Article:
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ET Women’s Forum: From being funded by friends to Rs 150 cr capital, Chetna Sinha changed banking for rural women

The rural cooperative bank’s journey is a testament to women’s empowerment.

ET Bureau|
Updated: Feb 12, 2019, 11.43 AM IST
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Agencies
Chetna Sinha, founder of Mann Deshi Mahila Sahakari Bank
Chetna Sinha, founder of Mann Deshi Mahila Sahakari Bank
The Economic Times Women’s Forum 2019 took forward the mission that it last year — to collaboratively and urgently build a sustainable culture of empowering India’s half a billion women — through a scintillating day of conversations and debates about encouraging greater participation and reducing gender inequality in every sphere of life, work, and play.

Having set an example for women’s empowerment in rural Maharashtra, Chetna Sinha, founder of the Mann Deshi Mahila Sahakari Bank, is unstoppable as she is all set to apply for a small finance bank licence and raise Rs 100 crore through an alternate investment fund.

At the ET Women’s Forum, Sinha spoke about her journey of setting up the cooperative bank in 1997 with a small amount raised from friends, which has now grown to a capital of Rs 150 crore. “One day Kantabai went to a bank to open a savings account but the bank refused,” she said. “With no business plan and no action plan we decided to open a bank. RBI (initially) rejected the licence because our women were not literate.”

Though Sinha became dejected, the other villagers pushed her to organise literacy classes. “The women told me they may not be able to read and write but they can calculate interest,” said Sinha. “Around 15 women accompanied me to the Reserve Bank. They told the RBI officer that they can calculate interest of any amount and tell your officers to do it without a calculator. We got the banking licence. Today, Kantabai has her own home.”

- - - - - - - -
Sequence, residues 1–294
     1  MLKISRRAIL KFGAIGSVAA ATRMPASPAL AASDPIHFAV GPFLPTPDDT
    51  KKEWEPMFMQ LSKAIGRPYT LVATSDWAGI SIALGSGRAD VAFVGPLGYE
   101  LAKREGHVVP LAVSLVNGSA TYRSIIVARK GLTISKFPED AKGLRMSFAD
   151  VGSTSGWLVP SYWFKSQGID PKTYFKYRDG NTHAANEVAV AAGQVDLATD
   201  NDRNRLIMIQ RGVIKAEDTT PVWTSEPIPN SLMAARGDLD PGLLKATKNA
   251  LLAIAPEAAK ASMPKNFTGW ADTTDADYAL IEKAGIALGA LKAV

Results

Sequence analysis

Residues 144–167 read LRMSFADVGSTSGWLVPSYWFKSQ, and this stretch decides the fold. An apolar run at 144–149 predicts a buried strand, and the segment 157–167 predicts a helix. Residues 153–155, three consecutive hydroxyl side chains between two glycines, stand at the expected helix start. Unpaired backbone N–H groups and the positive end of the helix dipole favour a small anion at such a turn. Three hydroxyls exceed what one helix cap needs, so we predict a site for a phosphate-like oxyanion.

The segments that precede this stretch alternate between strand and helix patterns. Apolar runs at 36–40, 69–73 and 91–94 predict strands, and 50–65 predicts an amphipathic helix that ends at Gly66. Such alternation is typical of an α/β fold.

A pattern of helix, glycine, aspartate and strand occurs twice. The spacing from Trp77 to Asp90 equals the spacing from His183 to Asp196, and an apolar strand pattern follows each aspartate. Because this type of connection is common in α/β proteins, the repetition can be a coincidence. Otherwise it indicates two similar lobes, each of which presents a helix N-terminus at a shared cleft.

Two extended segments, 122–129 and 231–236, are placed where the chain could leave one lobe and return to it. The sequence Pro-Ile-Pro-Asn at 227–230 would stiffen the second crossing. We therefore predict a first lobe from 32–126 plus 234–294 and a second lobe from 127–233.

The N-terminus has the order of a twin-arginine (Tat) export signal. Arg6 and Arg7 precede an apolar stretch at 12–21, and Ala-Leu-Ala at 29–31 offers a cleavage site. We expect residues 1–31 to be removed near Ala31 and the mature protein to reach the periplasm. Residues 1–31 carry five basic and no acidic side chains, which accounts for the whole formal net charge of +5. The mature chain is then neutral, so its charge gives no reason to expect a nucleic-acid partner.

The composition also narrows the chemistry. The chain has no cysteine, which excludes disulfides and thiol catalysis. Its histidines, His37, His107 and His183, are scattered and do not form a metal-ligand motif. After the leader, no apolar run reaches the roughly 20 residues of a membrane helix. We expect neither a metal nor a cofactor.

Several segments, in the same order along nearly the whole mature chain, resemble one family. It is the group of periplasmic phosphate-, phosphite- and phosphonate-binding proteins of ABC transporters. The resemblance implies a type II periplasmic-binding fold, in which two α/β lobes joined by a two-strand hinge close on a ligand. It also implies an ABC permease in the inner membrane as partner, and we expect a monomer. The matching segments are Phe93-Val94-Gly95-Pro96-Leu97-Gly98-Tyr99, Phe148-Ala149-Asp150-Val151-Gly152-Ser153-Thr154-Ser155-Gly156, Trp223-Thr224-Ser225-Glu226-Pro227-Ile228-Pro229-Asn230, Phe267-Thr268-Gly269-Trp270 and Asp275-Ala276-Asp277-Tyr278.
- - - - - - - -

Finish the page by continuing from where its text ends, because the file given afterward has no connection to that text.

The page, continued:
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Sinha then started doorstep banking to meet the needs of her customers. She launched digital banking as well. But the women in the village were not comfortable using a PIN and insisted on using their thumb print. “That is how we went biometric and women reinvented banking,” she said.

Another villager Kerabai mortgaged gold for a loan to buy fodder. “She asked me if she could do the same thing to get water.” This gave Sinha an idea and she went on to build a dam to tackle drought. Another time, when Kerabai came to the bank, she said she wanted to feature her programme on the radio. Not knowing to read and write, Kerabai became a radio jockey and singer. “They have taught me never provide poor solutions to poor people,” said Sinha. “They will discover these on their own.”

“I often ask people like Kerabai, Kantabai, Sujata, how do carry on with business? They say their courage is their capital and I want to say their courage is my capital.”

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